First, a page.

To systematically connect theoretical reasoning with empirical research throughout each of the substantive chapters, we have structured the book as follows. The first three chapters familiarize students with the research process. This begins with developing interesting research questions and constructing (causal) theoretical arguments that address research questions, and leads to empirically testable hypotheses and to research designs that enable researchers to assess hypotheses empirically. These chapters provide students with the vocabulary and tools to evaluate and discuss the theoretical arguments and empirical results presented in the subsequent twelve chapters. Each of these chapters focuses on a particular political institution, issue, or research area of political science; that is, political regimes, democratic forms of government, elections, referenda and initiatives (direct democracy), parties and party systems, mass media, interest groups and social movements, legislatures, government and public administration, constitutional courts, international relations, and globalization. After a brief introduction of relevant concepts, each chapter discusses the respective political institution or issue in Austria, Germany, Switzerland, and the EU, pointing out similarities and differences. It then focuses on important research questions, theoretical approaches and discusses empirical findings, with an emphasis on how existing research is linking theory and empirics. At the end of each chapter we provide a list of books and articles for further reading. The book is accompanied by a website that offers questions for exams or self-assessment, a glossary, and other materials that may be of interest to students and professors.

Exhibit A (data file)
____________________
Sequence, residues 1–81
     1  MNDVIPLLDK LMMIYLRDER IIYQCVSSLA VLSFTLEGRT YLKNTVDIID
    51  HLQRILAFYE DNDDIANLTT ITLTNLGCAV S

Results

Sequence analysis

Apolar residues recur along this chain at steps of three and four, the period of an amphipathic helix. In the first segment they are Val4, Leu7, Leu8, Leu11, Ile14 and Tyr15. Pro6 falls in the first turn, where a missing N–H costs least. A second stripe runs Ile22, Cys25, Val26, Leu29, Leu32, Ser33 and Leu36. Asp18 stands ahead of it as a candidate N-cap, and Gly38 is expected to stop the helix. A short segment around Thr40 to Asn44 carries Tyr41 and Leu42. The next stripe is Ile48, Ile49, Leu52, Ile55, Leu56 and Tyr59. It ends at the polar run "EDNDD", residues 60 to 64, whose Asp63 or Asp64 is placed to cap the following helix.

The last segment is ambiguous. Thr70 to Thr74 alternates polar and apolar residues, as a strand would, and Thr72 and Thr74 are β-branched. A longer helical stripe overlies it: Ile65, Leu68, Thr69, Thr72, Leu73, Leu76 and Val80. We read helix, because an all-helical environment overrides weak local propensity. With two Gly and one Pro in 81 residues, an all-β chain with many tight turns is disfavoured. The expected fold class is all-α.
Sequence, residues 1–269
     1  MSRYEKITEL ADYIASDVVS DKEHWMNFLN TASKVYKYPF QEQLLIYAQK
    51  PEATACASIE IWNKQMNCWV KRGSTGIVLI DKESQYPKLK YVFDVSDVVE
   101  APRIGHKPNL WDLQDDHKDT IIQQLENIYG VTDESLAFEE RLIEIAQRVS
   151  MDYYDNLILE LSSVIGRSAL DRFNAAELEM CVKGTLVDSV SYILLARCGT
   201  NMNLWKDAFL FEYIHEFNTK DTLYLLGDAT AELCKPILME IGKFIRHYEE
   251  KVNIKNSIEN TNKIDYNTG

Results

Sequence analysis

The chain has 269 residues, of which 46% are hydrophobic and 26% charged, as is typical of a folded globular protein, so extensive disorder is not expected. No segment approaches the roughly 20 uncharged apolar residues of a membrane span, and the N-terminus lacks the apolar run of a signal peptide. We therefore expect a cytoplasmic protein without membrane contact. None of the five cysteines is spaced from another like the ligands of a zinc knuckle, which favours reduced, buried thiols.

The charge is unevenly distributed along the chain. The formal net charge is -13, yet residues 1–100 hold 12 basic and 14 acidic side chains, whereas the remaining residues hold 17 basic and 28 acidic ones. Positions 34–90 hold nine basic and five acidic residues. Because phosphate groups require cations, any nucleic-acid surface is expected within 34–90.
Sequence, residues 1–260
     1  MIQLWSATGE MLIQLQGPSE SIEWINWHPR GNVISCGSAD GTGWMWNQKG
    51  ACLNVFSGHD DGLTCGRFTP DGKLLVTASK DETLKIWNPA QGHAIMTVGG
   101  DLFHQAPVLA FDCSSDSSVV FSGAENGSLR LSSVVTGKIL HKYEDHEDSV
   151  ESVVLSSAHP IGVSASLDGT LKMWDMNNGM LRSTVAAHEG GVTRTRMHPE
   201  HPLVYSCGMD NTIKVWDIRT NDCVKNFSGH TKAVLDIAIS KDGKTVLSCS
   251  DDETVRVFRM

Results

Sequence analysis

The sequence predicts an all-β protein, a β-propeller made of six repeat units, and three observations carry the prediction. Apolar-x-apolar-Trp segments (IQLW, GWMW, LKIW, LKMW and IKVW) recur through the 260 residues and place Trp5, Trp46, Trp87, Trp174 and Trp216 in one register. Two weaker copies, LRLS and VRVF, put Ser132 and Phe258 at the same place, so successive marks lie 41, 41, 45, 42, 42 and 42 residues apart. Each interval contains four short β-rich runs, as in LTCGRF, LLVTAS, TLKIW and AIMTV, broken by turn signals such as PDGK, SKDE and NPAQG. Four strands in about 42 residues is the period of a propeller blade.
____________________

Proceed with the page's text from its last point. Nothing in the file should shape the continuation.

In brief, our answer to the questions above is: Because it is important to have a textbook for German-speaking newcomers to political science that: builds on pre-existing local political knowledge and confronts this knowledge with a scientific approach to the analysis of politics; is broad in its coverage; and systematically connects theory with empirical analysis.

Student cheating 2.0

This has made the round of the blogs (scatterplot, orghteory, Marginal Revolution):

You’ve never heard of me, but there’s a good chance that you’ve read some of my work. I’m a hired gun, a doctor of everything, an academic mercenary. My customers are your students. I promise you that. Somebody in your classroom uses a service that you can’t detect, that you can’t defend against, that you may not even know exists.

I work at an online company that generates tens of thousands of dollars a month by creating original essays based on specific instructions provided by cheating students. I’ve worked there full time since 2004. On any day of the academic year, I am working on upward of 20 assignments.

In the midst of this great recession, business is booming. At busy times, during midterms and finals, my company’s staff of roughly 50 writers is not large enough to satisfy the demands of students who will pay for our work and claim it as their own.